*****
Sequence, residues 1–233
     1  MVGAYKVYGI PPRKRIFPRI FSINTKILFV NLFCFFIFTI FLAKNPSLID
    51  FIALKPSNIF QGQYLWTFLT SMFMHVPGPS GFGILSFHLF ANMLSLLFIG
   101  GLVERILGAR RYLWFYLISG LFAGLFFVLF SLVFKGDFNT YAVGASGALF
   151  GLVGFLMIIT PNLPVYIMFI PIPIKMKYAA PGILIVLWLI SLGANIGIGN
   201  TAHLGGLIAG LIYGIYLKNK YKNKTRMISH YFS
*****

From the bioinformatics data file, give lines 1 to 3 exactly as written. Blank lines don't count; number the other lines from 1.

Sequence, residues 1–233
     1  MVGAYKVYGI PPRKRIFPRI FSINTKILFV NLFCFFIFTI FLAKNPSLID
    51  FIALKPSNIF QGQYLWTFLT SMFMHVPGPS GFGILSFHLF ANMLSLLFIG